CA-4948 Garners Positive Early Results in Relapsed/Refractory AML and MDS

The updated results of an ongoing phase 1/2 study indicated that CA-4948 achieved promising responses and a tolerable safety profile in patients with relapsed/refractory acute myeloid leukemia and myelodysplastic syndromes.

Single agent CA-4948 yielded a notable reduction in bone marrow blasts and promising early responses in patients with relapsed/refractory acute myeloid leukemia (AML) and myelodysplastic syndromes (MDS), according to positive, updated data from an ongoing phase 1/2 study (NCT04278768) presented at the 2021 European Hematology Association Virtual Congress.1

Following a cut off of April 30, 2021, findings from the study indicated that a reduction in bone marrow blasts had been observed in 10 of 12 patients who were evaluable for bone marrow response. This was defined as patients who had an elevated blast count at baseline and at least 1 malignancy assessment after the first cycle. Of the 17 evaluable patients (MDS, n = 9; AML, n = 8), 5 experienced an objective response, which consisted of 1 full hematologic recovery complete response (CR), a CR with incomplete recovery (CRi) and negative minimal residual disease (MRD), 1 partial response, and 2 bone marrow CRs. All patients who experienced any objective response showed signs of hematologic recovery.

“As we have observed increasingly mature sets of data, we continue to be pleased by the steady progression of clinical activity demonstrated by CA-4948 monotherapy in this historically difficult-to-treat late-line population,” James Dentzer, president and chief executive officer of Curis, said in a press release. “We believe these updated data further support the growing body of evidence that CA-4948's anti-cancer activity continues to deepen the longer patients remain on drug, which is enabled by its safety and durability profile to date. Further, after backfilling patient cohorts and evaluating additional data after the April 30, 2021, cut-off date for today's presentation, we have concluded 300mg BID is the optimal dose to take into phase 2 studies.”

The open label, single arm, dose escalation trial utilized a 3+3 design to assess the safety and activity of the oral small molecule IRAK4 kinase inhibitor. The study enrolled 22 patients who had high-risk MDS (n = 11) and AML (n = 11) who received 1 of several doses of CA-4948 twice daily, including 200 mg, 300 mg, 400 mg, and 500 mg.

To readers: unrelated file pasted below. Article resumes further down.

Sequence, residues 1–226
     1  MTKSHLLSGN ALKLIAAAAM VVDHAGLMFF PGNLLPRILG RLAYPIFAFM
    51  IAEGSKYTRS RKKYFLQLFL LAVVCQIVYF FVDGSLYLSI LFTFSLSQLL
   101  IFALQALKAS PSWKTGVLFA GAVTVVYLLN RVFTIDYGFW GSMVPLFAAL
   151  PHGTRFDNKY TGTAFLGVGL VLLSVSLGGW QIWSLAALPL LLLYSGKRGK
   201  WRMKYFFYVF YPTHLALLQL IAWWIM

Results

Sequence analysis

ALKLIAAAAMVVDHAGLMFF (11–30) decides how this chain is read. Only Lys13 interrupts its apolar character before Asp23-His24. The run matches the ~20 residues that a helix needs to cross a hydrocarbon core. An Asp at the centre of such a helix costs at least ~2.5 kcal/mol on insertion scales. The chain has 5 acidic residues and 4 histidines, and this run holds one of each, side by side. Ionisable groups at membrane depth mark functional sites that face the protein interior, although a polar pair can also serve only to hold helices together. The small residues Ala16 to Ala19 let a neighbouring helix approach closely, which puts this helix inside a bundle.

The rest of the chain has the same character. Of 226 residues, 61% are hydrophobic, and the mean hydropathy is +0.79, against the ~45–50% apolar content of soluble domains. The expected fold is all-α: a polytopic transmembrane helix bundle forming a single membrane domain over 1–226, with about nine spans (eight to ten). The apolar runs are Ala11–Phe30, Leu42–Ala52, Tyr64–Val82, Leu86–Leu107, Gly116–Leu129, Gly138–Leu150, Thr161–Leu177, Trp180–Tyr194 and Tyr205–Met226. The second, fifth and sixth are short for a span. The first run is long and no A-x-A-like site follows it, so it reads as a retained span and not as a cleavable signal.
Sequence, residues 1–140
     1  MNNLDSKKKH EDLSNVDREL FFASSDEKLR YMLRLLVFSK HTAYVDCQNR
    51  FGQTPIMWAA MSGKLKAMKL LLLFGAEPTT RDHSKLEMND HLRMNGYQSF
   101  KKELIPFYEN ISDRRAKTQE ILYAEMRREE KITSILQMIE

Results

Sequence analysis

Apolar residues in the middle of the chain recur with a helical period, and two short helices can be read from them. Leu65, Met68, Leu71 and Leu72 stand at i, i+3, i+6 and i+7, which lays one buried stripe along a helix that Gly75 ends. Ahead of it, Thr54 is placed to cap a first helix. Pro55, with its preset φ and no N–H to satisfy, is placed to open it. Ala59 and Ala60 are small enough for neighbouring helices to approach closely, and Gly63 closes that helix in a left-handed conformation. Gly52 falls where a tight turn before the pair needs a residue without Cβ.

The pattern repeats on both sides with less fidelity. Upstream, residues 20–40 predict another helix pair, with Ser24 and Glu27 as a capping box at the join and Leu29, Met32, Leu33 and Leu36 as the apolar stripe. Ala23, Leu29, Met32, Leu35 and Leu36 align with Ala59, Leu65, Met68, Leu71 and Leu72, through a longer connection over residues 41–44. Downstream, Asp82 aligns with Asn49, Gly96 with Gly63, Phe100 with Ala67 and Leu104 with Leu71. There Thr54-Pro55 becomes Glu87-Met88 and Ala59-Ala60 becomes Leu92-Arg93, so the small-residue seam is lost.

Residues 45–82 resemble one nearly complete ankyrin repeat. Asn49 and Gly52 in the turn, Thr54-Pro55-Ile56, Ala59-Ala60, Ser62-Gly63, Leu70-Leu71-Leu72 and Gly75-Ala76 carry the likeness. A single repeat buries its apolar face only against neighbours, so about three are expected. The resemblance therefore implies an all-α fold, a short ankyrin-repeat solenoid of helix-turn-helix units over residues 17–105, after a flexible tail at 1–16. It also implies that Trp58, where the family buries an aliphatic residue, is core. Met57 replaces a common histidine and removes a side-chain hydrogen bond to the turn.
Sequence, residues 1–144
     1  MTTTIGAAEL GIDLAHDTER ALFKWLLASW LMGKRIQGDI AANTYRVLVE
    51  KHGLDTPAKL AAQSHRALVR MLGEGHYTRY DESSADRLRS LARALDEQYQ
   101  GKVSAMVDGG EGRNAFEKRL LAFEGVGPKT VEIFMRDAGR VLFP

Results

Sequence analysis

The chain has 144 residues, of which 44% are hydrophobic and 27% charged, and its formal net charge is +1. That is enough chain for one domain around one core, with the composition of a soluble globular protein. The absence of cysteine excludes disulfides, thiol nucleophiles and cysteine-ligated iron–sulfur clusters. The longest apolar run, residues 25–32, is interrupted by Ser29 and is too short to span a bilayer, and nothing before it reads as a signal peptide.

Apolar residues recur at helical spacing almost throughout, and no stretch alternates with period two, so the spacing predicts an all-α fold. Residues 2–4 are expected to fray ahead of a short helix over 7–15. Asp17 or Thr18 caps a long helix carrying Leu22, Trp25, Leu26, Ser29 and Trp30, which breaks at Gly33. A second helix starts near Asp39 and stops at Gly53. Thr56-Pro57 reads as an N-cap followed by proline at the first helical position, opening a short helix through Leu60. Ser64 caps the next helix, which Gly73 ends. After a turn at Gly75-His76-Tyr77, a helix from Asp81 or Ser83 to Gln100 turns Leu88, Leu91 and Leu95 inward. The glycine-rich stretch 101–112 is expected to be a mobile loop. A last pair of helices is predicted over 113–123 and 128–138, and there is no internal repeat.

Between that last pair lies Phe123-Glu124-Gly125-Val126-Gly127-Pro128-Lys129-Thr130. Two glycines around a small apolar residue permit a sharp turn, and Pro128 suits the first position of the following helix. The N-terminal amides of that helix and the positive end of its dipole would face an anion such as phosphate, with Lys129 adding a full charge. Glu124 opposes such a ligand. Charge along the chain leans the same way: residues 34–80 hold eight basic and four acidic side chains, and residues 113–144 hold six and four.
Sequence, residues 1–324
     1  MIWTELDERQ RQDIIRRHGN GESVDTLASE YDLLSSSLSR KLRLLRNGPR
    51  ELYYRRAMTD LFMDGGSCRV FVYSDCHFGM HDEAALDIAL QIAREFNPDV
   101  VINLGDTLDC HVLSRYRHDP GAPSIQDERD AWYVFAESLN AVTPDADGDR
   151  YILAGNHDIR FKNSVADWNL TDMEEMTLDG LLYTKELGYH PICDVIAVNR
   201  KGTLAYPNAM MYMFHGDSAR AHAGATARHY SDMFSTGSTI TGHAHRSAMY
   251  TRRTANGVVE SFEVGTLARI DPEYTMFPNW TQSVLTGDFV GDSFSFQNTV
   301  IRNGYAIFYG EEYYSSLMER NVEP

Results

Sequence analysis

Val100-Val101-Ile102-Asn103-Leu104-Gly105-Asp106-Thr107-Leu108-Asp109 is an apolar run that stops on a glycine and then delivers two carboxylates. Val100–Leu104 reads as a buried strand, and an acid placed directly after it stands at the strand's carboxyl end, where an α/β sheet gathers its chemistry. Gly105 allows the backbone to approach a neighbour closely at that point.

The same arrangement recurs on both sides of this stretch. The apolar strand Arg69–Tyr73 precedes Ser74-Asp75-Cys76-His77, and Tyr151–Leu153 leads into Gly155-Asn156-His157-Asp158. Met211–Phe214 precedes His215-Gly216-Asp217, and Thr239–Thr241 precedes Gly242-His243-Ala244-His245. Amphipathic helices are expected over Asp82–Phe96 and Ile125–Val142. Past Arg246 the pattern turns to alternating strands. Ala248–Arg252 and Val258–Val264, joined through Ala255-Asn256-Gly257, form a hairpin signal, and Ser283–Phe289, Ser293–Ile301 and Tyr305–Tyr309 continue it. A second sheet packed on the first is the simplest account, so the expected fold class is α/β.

The primary objective of the study was to determine both the maximum tolerated dose and recommended phase 2 dose based on the agent's safety and tolerability, dose-limiting toxicities (DLTs), as well as biologic activity and pharmacokinetic and pharmacodynamic activity.

Additional data from the study indicated that all patients who had an SF3B1 or U2AF1 spliceosome mutation (n = 3), all were able to achieve a marrow CR or better. One of the patients, who had been on the study for over 8 months, reportedly experienced a marrow CR and went on to achieve a CRi with negative MRD. Another patient with FLT3-mutant AML who had relapsed following previous treatment with decitabine and venetoclax (Venclexta) and was refractory to gilteritinib (Xospata), achieved a PR and elimination of detectable FLT3 following treatment with CA-4948. One patient with AML who had been on study for over 7 months and received 4 prior lines of chemotherapy experienced a reduction in long-term IRAK4 expression, as well as a full hematologic recovery.

“We are especially pleased with the outcomes seen to date for patients with spliceosome or FLT3 mutations,” Dentzer explained. “All 3 patients with a spliceosome mutation achieved an objective response. The FLT3 patient also achieved an objective response and, after 2 cycles of CA-4948, the patient's FLT3 mutation was found to be completely eradicated. While these are early days, and we have a limited set of patient data, we are very encouraged about the potential CA-4948 may have to become a disease-modifying alternative for these late-line patients, where no approved therapies currently exist.”

Additionally, genomic analyses were performed across multiple patients. DNA sequencing identified disease modification with the reduction of cancer-associated variant allele frequency following treatment with CA-4948. Similarly, RNA sequencing revealed that disease modifications occurred with the reduction of long and short ratio of IRAK4 following treatment with the experimental agent.

In terms of safety, no significant myeloid suppressive adverse effects were reported by investigators. Although the 300 mg recommended phase 2 dose did not yield any DLTs, 13% of those who were treated with the 400 mg dose experienced DLTs such as grade 3 rhabdomyolysis (n = 2) and 66% of those in the 500 mg cohort experienced grade 3 rhabdomyolysis (n = 1) and grade 3 syncope (n = 1).

In addition to demonstrating efficacy as a monotherapy, CA-4948 has recently been found to boost the antitumor efficacy of other therapies including azacitidine, venetoclax, and the combination of azacitidine and venetoclax.

“We believe synergistic activity observed in leukemia cells provides a rationale for clinical testing of CA-4948/azacitidine, CA-4948/venetoclax, and the triplet combination of all three agents together in patients with AML,” the lead investigator Guillermo Garcia-Manero, chief of the Section of Myelodysplastic Syndromes within the Department of Leukemia at The University of Texas MD Anderson Cancer Center concluded.

Reference

  1. Curis announces positive updated data from ongoing phase 1/2 study of CA-4948 monotherapy in patients with relapsed or refractory acute myeloid leukemia and myelodysplastic syndromes. News release. Curis, Inc. June 11, 2021. July 12, 2021. https://bit.ly/3r74pDG